Baby Care Guide For First-Time Parents. Part 2
As new parents, it's normal to feel nervous and overwhelmed about caring for a baby for the first time, don't be afraid, you will quickly develop a routine and be able to keep your baby safe and provide them with the care they need to grow healthily.
Bath time is an enjoyable parent-child bonding time, but there are a few important things to keep in mind:
- Using warm water and limiting bath time to 10 minutes can help reduce your baby's skin irritation. If your baby has hereditary eczema or sensitive skin, apply hypoallergenic cream after bathing and wear only cotton clothing.
- Baby acne is common, but it doesn't harm your baby. Pay attention to the crease behind the ears, around the neck, under the arms, and the genital area. Wipe eyes with clean cotton balls and do not reuse them to prevent infection.
- Make sure that the depth of the water in the bathtub does not exceed 8cm, and the water level only goes up to your baby’s chest at most. Put your baby's feet in the tub first and support their head so soap doesn't get into their eyes.
- Pour warm water regularly over your baby’s body so they don’t get cold. After bathing, wrap them in a towel immediately to keep them warm.
- Never leave your baby unattended in the bathroom, and if you must leave, wrap your baby in a towel and take them along with you.
There are also a number of important things to keep in mind when it comes to feeding your baby:
- You need to feed every two to three hours or when your baby is hungry. Your baby may make sucking motions, make noises, cry, or put fingers in their mouth to indicate that they are hungry.
- Your baby will consume about 60 to 90 ml of formula, or nurse for 10 to 15 minutes per breast if breastfeeding. Wake your baby up for feedings every few hours so they get enough milk. Nursing moms have a hard time judging whether their baby is getting enough. As long as your baby is gaining weight healthily, sleeping well, and changing enough diapers every day, it means that your baby is getting the nutrition they need to grow.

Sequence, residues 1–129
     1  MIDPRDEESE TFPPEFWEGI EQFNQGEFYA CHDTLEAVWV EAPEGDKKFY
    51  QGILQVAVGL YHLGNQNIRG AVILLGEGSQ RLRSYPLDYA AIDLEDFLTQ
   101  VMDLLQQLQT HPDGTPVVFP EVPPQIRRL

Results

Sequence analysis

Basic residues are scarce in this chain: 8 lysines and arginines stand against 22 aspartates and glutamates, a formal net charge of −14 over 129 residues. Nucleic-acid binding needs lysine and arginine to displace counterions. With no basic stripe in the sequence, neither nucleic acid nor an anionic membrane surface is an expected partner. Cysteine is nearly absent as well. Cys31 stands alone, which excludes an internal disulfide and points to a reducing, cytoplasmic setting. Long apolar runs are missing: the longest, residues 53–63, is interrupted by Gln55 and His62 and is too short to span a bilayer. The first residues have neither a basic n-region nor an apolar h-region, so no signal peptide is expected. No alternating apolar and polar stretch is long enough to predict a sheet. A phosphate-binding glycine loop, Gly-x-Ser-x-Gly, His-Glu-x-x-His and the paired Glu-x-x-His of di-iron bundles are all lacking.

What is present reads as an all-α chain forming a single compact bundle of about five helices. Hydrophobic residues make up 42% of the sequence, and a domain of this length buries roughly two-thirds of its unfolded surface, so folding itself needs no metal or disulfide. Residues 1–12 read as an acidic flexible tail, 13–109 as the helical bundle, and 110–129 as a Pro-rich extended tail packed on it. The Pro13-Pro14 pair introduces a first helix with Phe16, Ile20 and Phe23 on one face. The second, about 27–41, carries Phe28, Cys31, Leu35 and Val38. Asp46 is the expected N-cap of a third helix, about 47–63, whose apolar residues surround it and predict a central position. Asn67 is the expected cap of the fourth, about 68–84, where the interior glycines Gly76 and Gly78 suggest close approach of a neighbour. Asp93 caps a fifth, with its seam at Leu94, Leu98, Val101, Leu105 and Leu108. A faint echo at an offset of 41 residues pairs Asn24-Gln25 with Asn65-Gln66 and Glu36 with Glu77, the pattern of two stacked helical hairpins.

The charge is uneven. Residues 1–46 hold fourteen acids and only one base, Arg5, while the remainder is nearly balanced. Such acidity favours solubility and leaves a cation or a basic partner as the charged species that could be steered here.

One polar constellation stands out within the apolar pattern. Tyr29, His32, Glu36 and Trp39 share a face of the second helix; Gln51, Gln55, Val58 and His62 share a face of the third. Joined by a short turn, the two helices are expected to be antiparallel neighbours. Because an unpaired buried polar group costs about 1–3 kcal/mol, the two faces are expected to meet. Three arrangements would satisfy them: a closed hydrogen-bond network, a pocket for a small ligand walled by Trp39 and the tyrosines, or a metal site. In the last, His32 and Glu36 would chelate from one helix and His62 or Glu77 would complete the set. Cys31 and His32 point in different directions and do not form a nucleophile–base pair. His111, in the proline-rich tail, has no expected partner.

- Babies often swallow air while feeding, so it's important to burp your baby. Hold your baby upright, resting their head on your shoulders, making sure to support your baby’s back and head, and gently pat their back with the other hand. Another way is to have your baby sit on your lap, support your baby's chest and hand with one hand, hold your baby's chin with your hand, place the heel of your hand gently on your baby's chest, and gently pat your baby's back with the other hand.
- If your baby doesn't burp, change positions every few minutes. Always burp your baby after feeding and keep them upright for 10 to 15 minutes to prevent them from spitting up milk.
We all need sleep, and newborn babies need it much more than the average person:
- Babies need 16 hours of sleep a day, but usually only sleep 2 to 4 hours at a time. Wake up your baby to feed every 4 hours, as your baby's digestive system is still developing.
- After 3 months, your baby gradually gets 6 to 8 hours of sleep throughout the night. Each baby develops their own sleep patterns so it may take them longer to start sleeping through the night.
- Make sure your baby sleeps on their back. Don't put soft toys, quilts or pillows in the crib as these can suffocate your baby.
- Share a bedroom with your baby for the first 6 months to 1 year, but don't share a bed as that puts them in danger of suffocation. Sleeping close to your baby helps to regulate their stress levels, heart rate and immune system.
- Some babies are more awake at night and more tired during the day. During the day, talk and play with them, keep them active to help them to adjust to a regular daytime and nighttime routine.